Dental implants are the most state of the art way of replacing a missing tooth. Over 50 years of innovation and trial by error has resulted in implants that are durable, reliable, and safe. A misconception is that dental implants involve major jaw surgery and are painful. Although some cases involving placement of implants are less than routine, the vast majority are placed to replace a single missing tooth. Dr. Hendricks uses a surgical guide, custom made for each patient, which allows exact placement of the implant. This is a safer, more precise way of performing surgical implant dentistry. Once the implant has integrated with the jaw, usually 3-4 months after the implant has been placed, a dentist will make an abutment and crown to fit the implant. This will complete the case.
The Way Dental Implants Can Be Used
- to replace a missing tooth.
- as abutments for fixed bridgework.
- as anchors to hold dentures in place.
- to preserve jaw bone height and width.
Types of Dental Implants
Endosteal implants are typically shaped like small screws or cylinders and are made of biocompatible materials like titanium. Endosteal implants are surgically placed directly into the jawbone, providing a strong foundation for dental restorations such as crowns, bridges, or dentures. These implants can support single or multiple teeth replacements.
Subperiosteal implants are an alternative to endosteal implants, particularly when there is insufficient jawbone structure or height for traditional implant placement. Instead of being placed into the jawbone, subperiosteal implants are positioned on or above the jawbone beneath the gum tissue. They consist of a metal framework with posts that protrude through the gums, allowing for the attachment of dental prosthetics.
The Dental Implant Procedure
The implant placement surgery is typically performed under local anesthesia, although sedation or general anesthesia may be used for more complex cases or patients with dental anxiety. During the surgery, an incision is made in the gum tissue to expose the underlying jawbone. A hole is then carefully drilled into the bone, and the dental implant, usually a titanium screw, is inserted. The implant is placed at a precise depth and angle to ensure stability and proper alignment.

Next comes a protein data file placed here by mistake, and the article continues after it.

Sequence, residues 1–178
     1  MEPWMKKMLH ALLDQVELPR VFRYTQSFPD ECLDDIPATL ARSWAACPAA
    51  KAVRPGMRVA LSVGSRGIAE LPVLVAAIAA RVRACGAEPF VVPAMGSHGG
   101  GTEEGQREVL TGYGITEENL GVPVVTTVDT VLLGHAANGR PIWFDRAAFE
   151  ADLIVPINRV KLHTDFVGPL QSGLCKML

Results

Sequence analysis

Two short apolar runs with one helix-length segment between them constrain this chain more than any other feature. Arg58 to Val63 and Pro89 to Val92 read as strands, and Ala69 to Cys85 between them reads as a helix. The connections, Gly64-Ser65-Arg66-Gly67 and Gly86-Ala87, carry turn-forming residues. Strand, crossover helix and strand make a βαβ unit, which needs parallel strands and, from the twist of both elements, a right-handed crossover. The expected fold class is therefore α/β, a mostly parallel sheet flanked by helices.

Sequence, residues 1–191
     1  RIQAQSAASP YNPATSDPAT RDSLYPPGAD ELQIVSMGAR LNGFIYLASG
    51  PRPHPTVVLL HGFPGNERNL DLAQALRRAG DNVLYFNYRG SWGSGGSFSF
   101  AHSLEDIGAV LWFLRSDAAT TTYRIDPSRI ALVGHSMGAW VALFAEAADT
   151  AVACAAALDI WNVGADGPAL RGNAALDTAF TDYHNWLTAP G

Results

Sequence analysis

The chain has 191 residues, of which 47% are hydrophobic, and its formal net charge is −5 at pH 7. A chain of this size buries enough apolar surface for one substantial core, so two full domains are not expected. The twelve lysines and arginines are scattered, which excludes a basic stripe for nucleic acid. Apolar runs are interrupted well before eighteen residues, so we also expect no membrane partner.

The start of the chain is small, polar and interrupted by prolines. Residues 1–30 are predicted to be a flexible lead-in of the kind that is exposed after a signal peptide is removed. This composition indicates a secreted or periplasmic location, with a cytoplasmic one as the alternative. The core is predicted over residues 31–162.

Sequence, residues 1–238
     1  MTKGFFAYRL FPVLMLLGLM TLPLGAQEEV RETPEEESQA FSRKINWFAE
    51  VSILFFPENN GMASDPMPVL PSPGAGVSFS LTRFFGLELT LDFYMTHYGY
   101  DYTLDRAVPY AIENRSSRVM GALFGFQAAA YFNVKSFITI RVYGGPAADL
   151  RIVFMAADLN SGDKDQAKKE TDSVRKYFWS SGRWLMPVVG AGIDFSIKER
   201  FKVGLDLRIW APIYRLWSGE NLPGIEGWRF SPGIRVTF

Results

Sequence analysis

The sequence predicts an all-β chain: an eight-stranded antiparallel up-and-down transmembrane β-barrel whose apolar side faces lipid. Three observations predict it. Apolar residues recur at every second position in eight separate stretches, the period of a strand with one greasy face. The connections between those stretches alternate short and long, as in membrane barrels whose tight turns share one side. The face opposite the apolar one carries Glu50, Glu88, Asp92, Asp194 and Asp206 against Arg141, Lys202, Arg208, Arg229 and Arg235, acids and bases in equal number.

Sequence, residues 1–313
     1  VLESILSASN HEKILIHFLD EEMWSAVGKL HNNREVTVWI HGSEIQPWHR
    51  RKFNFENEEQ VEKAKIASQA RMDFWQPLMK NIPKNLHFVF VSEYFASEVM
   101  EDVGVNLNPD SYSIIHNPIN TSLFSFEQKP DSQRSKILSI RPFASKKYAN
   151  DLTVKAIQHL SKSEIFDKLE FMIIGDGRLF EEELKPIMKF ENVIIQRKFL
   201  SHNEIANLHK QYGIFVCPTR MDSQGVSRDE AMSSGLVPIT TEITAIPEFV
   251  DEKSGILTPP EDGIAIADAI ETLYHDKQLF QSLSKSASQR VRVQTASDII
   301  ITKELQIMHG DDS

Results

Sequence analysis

After the implant is placed, osseointegration occurs, which typically takes several months. During this healing period, the bone fuses with the implant, providing a stable and secure foundation for dental restoration. You may receive a temporary tooth replacement option to maintain aesthetics and function during healing. Once osseointegration is complete, a minor surgical procedure may place an abutment. The abutment is a connector piece that protrudes through the gum line and is the attachment point for the final dental restoration.
After the gums have healed and the abutment is in place, the dentist will take impressions of your mouth to create the final dental restoration, such as a crown, bridge, or denture. The restoration is custom-made to match your natural teeth' color, shape, and size. It is then attached to the abutment, completing the implant restoration.
The Benefits of Implants
Once in place, implants function and look just like natural teeth. They won’t fall out while eating or speaking and don’t require any special cleaning products. The only time you should even know that they are there is when you look in the mirror! And that’s not just vanity talking; improving your smile can boost your confidence and help you look younger. It’s a win-win for everyone!
Stable and Comfortable Fit
Dental implants provide an ideal, stable fit that looks and feels natural. They are designed to fuse with the jawbone and tissue permanently, so patients do not have to worry about them slipping out of place. Unlike dentures, which need to be kept in place with denture adhesive or paste, dental implants are permanent and do not require any adhesives to stay secure in the mouth. This makes it more convenient for daily oral hygiene routines and means no need to worry about implants becoming loose over time.
Prevents Jawbone Deterioration
Dental implants can prevent the deterioration of the jawbone. The bone will deteriorate and change shape when it is no longer used. This can affect the look and structure of your face. The jaw can also be weakened by tooth loss since it will be under more pressure when chewing. This can cause pain and make eating more difficult. Dental implants can help maintain the shape of your jaw and prevent these issues from arising.
Please reach out to our dental practice at 70 Pennington Dr, Ste 7, Bluffton, SC 29910, to have a consultation with our Dentist in Bluffton, SC. Call us at (843) 706-3377 or schedule an online consultation, and we'll guide you further.